An Indian-origin expert at the University of Leicester has led a major study that shows that infants given liquid medicines are exposed to risk from the chemicals used.
The study led by Dr Hitesh Pandya,senior lecturer in Child Health,documents the non-drug ingredients (excipients) present in liquid medicines given to premature infants as part of their medical care.
The study revealed that the chemicals added to medicines to improve their taste,absorption and to prolong their shelf-life could be potentially harmful to very small babies.
The chemicals generally used are ethanol,sorbitol and Ponceaau 4R (a colouring agent). The study revealed that premature babies are exposed to these potentially harmful excipients in amounts equivalent to over three pints of beer per week.
“This study documents a worldwide problem. It shows that the collection of medicines given to babies may ultimately lead to them being exposed to harmful chemicals with the potential for short and long-term toxic effects.
“Our research highlighted this,and we are planning further studies on the chemicals to understand exactly what these effects might be. What our study hasn’t done is find any direct evidence on the cause and effect of these chemicals and the medical problems that these babies might be being treated for” Dr Pandya said.
Dr Andrew Currie,Consultant at the University Hospitals of Leicester NHS Trust who was also part of the research team,said,”Parents should not panic about these findings. These chemicals can be found in foods all around the world.
“What the study highlighted is that we have a greater understanding of the side-effects of the drugs than we do of the chemicals that many of these drugs are mixed with; there just simply hasn’t been enough research done.
“It is often necessary that these chemicals are added to medications,and in the majority of cases it improves the way the drugs work,but we should be taking more of an interest in them and their effects. It is great news that Dr Pandya and his team will continue their research,” Andrew Currie said.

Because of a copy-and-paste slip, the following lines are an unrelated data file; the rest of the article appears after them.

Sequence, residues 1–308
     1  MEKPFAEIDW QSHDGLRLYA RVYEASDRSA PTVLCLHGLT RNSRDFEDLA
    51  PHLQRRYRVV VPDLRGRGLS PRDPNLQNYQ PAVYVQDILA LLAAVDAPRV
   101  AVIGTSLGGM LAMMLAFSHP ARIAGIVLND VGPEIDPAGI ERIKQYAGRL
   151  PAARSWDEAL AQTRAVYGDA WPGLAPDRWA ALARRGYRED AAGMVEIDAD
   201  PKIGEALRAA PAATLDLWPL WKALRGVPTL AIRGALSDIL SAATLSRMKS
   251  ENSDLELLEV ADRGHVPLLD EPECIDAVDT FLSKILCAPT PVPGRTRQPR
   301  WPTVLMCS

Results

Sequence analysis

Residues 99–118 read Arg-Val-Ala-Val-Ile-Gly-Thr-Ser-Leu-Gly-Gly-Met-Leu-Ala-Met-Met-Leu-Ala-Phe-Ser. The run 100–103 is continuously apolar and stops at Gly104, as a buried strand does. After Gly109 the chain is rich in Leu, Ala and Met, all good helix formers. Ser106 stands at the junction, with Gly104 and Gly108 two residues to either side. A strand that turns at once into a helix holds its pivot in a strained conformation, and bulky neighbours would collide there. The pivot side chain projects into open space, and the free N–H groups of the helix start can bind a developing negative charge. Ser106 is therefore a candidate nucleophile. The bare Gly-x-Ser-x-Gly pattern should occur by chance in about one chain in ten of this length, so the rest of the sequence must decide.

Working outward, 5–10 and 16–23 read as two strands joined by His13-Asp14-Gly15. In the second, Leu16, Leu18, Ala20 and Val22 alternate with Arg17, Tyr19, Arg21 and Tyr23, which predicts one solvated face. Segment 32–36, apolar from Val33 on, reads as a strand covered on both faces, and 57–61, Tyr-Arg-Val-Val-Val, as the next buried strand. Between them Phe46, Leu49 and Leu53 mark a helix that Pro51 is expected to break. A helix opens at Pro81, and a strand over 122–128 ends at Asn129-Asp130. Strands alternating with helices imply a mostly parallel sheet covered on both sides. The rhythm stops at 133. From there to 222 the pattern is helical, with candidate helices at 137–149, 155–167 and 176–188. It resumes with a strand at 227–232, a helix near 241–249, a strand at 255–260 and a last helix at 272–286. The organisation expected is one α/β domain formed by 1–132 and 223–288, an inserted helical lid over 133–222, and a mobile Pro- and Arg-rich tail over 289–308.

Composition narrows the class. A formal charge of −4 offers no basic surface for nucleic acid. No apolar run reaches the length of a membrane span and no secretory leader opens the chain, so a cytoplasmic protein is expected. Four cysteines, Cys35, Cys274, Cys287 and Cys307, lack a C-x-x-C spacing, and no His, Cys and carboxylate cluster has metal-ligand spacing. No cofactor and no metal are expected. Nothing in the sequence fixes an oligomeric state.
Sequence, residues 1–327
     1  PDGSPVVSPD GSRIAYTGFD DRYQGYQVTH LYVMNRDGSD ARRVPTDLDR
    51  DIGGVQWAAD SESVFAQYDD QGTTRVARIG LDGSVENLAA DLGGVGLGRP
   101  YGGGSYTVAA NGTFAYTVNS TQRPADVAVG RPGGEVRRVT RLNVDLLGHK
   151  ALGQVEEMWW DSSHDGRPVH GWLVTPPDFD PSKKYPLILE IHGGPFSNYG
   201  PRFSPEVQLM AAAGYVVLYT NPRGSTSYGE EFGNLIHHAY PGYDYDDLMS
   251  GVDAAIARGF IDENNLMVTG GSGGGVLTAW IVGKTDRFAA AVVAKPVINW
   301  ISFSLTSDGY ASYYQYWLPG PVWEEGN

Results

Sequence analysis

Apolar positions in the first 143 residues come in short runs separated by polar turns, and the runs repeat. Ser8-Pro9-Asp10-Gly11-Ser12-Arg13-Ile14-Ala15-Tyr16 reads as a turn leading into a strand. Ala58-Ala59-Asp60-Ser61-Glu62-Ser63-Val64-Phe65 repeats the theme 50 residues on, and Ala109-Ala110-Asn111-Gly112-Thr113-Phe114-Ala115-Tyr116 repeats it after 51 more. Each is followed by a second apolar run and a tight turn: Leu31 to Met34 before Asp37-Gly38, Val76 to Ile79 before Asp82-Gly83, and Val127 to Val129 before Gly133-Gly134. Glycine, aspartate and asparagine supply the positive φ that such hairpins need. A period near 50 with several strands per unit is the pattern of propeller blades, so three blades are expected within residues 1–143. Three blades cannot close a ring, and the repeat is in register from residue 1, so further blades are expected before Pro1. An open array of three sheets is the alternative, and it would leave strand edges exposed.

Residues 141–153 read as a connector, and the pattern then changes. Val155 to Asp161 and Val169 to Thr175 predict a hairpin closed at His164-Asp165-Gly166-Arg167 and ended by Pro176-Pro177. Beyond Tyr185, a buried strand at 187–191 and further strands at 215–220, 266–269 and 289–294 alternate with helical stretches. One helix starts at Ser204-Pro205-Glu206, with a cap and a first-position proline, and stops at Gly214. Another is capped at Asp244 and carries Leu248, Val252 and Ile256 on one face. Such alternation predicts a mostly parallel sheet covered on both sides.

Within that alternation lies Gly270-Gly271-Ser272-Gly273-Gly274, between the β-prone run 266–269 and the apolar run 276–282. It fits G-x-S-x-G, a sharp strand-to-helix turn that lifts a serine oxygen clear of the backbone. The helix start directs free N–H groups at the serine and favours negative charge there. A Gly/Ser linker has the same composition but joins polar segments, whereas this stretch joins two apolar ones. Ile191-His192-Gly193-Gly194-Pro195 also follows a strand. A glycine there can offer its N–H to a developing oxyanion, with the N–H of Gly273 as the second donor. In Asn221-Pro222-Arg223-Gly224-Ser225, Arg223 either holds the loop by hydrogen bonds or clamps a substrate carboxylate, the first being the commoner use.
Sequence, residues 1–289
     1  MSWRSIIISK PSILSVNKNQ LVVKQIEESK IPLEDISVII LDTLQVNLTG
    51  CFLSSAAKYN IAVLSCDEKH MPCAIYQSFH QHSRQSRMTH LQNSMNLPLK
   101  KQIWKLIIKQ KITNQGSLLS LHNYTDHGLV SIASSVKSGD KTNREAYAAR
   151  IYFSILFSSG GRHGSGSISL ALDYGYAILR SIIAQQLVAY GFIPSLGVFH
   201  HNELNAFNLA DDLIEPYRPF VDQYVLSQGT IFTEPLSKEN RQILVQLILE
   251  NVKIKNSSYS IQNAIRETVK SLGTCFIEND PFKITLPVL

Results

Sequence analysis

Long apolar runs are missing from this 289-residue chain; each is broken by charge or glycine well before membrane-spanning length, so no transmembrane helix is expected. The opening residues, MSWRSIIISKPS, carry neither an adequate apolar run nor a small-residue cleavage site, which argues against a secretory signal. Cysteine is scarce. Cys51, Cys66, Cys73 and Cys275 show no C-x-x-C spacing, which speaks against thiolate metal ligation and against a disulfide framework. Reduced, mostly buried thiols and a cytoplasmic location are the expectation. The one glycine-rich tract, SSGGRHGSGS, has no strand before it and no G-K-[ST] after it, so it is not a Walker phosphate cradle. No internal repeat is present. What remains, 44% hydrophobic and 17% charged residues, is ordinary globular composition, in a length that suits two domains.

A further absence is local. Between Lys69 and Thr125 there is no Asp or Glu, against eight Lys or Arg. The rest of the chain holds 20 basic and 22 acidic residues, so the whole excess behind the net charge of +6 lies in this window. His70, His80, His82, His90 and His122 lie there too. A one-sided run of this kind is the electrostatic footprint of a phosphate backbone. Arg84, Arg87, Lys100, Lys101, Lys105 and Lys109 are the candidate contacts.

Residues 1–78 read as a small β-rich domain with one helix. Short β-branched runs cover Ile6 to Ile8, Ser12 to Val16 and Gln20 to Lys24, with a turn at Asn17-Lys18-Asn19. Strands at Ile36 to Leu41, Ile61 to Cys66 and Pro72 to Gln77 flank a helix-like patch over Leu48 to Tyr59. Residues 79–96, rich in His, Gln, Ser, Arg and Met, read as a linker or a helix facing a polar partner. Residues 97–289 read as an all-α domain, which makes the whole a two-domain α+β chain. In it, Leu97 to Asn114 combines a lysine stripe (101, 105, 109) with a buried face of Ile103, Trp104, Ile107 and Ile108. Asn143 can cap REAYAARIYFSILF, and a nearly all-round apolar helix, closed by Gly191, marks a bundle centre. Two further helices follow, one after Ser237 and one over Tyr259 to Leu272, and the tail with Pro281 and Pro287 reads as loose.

“Babies and older children are often given medicines that have only received formal testing on adults,which means we estimate amounts that should be given to children and babies,” Pandya said.
“There are numerous reasons for this,such as the practical problems in performing studies in very small babies,worries their parents may have about involving their child in drug trials and drug manufacturer’s reluctance to tackle the problem”
“Our study showed that more work needs to be done to tackle this problem and to improve our understanding,” he added.
The doctor said parents should begin to understand what chemicals are in the medicines being given to their children,but they should not be overly concerned. In many cases there may not be an alternative medicine,and the risk will be balanced in favour of using them in treatment.
He said,”As a research team we do feel it is important that the (medicines regulators) not only ensure that all manufacturers provide detailed labelling of the excipient content of their products but all lead action to determine whether existing practice constitutes a risk,and if so,how this might be dealt with.”
The authors point out that children’s medicines have to cater for a wide age range,making it difficult for manufacturers to tailor their products for each age group. The inclusion of some ingredients is also a necessity.